ST. PAUL, Minn. — Washington Capitals defenseman Michal Kempny knows he has been going through a rough stretch. His game has gotten away from him, and while he’s quick to take full ownership of the mistakes he has made on the ice, he is still searching for answers.

In discussing his struggles, Kempny frequently expressed his certainty that he still has room to grow and that his mental miscues would soon get cleared up. Yet standing in the hallway at TRIA Rink after the Capitals’ practice Saturday, it was hard for him not to cut straight to the point.

“To be honest with you, a couple games weren’t really good," he said.

Kempny discussed a lengthy conversation he had with Coach Todd Reirden ahead of Washington’s 3-0 loss to the Winnipeg Jets on Thursday, so they could each express their thoughts. Kempny said he hopes that conversation leads to a turning point in his play.

“We were honest with each other, all the time — [even] when I [first] got here,” Kempny said. “I told him how I feel, how I felt, and so we had a pretty good discussion and conversation. And I believe it is going to help me be myself, to be Michal Kempny, you know? The one everybody knows. There is no excuses for me. We had a good conversation, and it is going to help me for sure.”

After the acquisition of Brenden Dillon, Kempny moved from the top pair with John Carlson to the third pair with Radko Gudas, limiting his ice time and thus slightly adjusting the way he plays.

When he came to Washington at the 2018 trade deadline and became a part of the Capitals’ Stanley Cup run, Kempny knew he was going to have the responsibilities of a top-pair defenseman. Now his role is more varied, with all the moving parts of the blue line yet to be cemented ahead of the playoffs.

“It’s a little bit different,” Kempny said. “Right now I’m not playing against top players, how I was supposed to. But playing with Radko, we’ve played with each other before, and I know him pretty well, and we’re just trying to work hard every game and do what we are supposed to do.”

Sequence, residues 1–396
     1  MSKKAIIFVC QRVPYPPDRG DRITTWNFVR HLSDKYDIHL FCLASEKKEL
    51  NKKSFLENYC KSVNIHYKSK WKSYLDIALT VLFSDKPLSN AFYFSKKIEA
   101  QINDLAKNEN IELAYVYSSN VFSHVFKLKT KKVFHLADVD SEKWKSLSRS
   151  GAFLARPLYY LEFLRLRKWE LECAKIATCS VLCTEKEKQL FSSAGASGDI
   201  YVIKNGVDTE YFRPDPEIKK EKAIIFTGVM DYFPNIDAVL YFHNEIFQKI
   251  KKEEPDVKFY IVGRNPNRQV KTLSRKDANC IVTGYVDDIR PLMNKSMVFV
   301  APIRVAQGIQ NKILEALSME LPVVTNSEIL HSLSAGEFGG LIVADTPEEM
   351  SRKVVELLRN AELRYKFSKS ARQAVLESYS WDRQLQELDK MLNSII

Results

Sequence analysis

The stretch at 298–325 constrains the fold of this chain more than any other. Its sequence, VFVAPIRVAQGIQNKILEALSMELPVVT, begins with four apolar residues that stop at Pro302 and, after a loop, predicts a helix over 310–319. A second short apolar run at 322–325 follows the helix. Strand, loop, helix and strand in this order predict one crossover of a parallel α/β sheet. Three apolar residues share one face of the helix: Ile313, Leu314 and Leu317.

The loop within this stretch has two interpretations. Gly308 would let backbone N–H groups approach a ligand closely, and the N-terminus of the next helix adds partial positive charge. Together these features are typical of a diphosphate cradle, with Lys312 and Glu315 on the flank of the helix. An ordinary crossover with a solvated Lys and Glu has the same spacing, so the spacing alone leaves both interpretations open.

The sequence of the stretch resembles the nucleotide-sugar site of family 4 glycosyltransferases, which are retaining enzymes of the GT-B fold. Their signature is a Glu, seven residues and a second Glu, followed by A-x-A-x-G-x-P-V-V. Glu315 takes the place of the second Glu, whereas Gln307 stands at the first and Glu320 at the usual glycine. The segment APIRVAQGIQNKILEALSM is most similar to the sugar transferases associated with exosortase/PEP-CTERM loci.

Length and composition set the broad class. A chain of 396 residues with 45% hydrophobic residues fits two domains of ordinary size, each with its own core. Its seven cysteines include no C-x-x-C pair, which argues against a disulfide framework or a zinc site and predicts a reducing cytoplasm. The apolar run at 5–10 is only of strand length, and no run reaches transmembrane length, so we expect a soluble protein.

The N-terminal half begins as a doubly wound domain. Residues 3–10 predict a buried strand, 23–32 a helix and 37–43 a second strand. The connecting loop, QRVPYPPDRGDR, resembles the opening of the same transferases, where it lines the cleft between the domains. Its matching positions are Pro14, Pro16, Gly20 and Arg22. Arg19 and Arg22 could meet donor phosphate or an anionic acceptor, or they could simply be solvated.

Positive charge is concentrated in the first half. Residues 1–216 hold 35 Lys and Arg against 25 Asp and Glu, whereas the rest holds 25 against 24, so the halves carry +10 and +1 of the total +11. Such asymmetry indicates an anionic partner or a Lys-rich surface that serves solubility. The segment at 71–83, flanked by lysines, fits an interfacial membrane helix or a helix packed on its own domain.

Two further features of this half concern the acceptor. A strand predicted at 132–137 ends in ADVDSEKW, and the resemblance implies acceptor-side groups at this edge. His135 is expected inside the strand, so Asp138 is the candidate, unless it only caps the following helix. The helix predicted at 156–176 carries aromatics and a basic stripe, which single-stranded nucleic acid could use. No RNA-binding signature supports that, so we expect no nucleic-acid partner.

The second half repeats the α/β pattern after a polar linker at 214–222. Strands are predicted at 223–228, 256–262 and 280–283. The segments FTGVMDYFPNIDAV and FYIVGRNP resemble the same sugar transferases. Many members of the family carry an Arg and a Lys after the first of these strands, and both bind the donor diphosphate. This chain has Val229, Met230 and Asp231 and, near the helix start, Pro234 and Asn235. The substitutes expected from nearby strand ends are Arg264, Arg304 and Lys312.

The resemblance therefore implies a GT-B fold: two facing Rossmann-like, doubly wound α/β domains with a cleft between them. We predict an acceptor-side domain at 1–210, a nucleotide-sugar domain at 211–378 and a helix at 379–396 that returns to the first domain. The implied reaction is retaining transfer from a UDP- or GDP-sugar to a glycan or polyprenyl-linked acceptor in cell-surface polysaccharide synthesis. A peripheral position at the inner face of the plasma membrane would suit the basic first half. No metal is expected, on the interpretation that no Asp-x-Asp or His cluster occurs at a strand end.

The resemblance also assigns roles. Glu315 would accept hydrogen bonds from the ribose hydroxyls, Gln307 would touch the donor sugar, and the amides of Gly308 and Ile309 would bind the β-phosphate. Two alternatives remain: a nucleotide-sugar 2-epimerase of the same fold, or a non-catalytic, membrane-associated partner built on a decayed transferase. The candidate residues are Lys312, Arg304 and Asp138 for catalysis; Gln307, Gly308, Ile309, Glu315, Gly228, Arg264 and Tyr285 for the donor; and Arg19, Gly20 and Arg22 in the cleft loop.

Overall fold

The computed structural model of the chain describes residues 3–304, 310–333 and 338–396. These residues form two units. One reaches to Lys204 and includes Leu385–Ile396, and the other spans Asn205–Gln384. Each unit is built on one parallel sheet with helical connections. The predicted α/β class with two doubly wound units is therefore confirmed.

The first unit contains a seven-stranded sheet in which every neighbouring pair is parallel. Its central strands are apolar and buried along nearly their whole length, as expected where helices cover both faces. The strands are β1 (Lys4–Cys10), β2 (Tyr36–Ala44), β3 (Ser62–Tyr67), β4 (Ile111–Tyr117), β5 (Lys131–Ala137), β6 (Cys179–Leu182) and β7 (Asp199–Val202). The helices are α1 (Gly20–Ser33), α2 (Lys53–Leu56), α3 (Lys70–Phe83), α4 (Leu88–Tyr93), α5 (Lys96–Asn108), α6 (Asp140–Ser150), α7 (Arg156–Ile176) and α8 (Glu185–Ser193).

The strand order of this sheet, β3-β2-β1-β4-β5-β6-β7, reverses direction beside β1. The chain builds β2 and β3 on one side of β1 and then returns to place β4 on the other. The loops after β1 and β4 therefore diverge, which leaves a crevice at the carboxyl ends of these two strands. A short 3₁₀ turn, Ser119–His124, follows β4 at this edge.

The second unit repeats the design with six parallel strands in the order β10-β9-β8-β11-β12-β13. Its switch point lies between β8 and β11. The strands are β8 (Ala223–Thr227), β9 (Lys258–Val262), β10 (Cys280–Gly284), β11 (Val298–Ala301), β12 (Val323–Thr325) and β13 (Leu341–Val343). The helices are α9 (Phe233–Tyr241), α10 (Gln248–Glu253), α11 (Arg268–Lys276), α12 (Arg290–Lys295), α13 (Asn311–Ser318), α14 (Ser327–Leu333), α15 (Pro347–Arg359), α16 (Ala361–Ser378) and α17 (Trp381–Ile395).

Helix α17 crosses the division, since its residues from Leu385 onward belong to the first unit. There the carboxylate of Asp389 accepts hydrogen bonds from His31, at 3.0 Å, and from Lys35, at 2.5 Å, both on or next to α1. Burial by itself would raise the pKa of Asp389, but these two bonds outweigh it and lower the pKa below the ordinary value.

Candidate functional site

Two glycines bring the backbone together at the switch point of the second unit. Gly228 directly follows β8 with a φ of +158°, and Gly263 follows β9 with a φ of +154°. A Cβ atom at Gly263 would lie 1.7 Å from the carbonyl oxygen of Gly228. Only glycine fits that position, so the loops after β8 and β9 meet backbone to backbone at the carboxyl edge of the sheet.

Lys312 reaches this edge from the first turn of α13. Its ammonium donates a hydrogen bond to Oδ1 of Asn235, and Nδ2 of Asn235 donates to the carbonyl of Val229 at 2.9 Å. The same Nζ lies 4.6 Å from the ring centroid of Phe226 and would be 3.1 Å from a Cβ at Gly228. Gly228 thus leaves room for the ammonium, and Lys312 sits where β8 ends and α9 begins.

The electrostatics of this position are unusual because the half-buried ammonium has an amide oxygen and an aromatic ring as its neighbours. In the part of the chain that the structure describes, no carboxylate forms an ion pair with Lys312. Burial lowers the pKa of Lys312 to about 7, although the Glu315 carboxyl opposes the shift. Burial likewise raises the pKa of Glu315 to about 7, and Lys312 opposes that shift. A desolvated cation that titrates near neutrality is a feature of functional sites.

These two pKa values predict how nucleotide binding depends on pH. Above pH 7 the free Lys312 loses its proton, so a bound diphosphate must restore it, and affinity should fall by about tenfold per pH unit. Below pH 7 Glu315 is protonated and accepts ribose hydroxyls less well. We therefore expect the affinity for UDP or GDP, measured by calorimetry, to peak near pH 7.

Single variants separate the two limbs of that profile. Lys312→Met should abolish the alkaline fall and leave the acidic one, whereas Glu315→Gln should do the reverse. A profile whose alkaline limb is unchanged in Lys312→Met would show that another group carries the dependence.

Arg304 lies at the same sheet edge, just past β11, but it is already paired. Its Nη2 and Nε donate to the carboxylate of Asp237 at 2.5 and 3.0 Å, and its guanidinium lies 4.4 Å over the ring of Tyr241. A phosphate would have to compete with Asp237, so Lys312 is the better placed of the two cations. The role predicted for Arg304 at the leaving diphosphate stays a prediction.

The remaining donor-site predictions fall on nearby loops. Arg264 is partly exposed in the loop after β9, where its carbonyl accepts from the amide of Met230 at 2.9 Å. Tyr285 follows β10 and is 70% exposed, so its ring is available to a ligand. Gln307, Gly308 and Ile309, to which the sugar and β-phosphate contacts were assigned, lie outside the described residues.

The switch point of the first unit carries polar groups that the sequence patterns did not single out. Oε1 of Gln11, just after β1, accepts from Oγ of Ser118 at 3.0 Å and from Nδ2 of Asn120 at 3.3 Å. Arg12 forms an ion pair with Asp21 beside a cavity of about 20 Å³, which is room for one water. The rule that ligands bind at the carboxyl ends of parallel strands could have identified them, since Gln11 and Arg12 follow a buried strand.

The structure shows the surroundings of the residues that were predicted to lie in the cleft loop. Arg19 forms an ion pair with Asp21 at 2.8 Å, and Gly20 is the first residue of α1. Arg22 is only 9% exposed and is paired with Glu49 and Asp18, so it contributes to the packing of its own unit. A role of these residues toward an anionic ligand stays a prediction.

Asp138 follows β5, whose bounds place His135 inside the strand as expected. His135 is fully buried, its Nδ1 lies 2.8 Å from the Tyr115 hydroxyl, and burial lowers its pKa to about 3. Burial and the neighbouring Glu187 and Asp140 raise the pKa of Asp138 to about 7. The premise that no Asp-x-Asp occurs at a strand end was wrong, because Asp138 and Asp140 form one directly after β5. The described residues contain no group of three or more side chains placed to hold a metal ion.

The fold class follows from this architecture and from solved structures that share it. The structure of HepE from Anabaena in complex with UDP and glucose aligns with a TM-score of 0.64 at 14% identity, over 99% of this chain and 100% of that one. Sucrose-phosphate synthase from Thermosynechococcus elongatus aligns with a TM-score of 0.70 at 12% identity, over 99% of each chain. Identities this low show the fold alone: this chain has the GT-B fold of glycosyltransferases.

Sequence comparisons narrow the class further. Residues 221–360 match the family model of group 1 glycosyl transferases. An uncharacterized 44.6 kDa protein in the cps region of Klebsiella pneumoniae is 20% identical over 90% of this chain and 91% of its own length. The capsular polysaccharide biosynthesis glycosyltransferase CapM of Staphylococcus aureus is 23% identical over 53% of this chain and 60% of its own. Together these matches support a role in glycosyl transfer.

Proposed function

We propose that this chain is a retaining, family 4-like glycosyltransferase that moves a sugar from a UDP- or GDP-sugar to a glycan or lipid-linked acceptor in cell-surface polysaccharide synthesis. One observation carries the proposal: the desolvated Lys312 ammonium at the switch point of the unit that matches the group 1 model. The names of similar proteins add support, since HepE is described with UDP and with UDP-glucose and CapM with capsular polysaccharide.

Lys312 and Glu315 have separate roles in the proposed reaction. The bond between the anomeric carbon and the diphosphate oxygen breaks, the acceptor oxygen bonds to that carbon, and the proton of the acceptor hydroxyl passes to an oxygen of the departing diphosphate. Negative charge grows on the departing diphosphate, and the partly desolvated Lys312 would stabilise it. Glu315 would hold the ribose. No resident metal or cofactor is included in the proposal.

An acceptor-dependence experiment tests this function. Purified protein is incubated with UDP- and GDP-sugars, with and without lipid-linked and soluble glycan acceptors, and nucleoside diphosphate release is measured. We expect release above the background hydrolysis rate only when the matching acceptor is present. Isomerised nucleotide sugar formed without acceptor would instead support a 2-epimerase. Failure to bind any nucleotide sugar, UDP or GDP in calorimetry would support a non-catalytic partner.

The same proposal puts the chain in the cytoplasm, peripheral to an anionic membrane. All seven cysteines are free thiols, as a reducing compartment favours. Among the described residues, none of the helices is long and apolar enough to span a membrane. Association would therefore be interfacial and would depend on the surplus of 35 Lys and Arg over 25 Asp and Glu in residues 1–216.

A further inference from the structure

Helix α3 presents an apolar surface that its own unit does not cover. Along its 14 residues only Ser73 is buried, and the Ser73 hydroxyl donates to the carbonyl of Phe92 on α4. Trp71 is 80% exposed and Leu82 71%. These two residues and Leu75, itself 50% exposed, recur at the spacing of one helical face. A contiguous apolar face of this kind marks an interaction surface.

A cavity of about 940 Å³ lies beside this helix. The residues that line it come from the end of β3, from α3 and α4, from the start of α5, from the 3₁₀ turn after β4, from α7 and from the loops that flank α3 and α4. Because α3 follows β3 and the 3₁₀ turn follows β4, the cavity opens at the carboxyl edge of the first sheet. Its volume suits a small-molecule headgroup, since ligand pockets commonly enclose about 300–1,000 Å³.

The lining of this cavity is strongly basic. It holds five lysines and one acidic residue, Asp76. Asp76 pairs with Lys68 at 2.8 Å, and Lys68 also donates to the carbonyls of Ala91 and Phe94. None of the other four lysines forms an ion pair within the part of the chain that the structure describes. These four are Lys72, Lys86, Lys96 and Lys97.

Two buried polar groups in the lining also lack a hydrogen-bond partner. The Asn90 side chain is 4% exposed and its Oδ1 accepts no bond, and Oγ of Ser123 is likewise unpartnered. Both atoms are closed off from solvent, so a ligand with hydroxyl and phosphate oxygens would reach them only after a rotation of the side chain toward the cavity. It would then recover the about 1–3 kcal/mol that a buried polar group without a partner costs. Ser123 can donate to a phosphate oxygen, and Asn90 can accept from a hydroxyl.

Kempny isn’t necessarily expected to stay on the third pair. His skill set is still suited for a top-four role. If his game doesn’t start to turn around, however, there will be less room for the coaching staff to elevate him and give him more ice time. There also is the role of Jonas Siegenthaler, who has been a healthy scratch since Dillon’s arrival, to consider.

But for now, what Kempny does know is that his trust in Reirden remains the same as when he first arrived.

“I can’t thank him enough, and he did it a lot for me and still does so I’m going to be forever grateful to him,” Kempny said.

After Kempny was traded, he spent a lot of time with Reirden in the video room, with the ­then-assistant coach trying to get Kempny up to speed on the team’s system. Kempny praised Reirden’s ability to show him ­facets of his game he can improve on and applauded how the feedback always comes in a positive manner.

“It was different than in Chicago and so yeah we spent a lot of time together after practices and you know, we could talk about hockey and about other stuff, so it was nice,” Kempny said. “ … for me, it is completely different than Chicago and find this team as a family, it is more friendly here. Everybody talks to everybody so it was a lot different than it was in Chicago.”

Kempny showed some improvement against the Jets, especially coming off a couple of rough games. The Capitals are facing a stiff test with their next slate of games, starting Sunday against the Minnesota Wild and followed by Metropolitan Division matchups with the Philadelphia Flyers, New York Rangers and Pittsburgh Penguins.

“Sometimes it’s really nice to talk with someone you know,” Kempny said. “To talk about everything: ‘How is your feelings? How is everything going?’ It was really nice. I really appreciated it, and I can talk to him all the time. He was always there for me. It was nice.”

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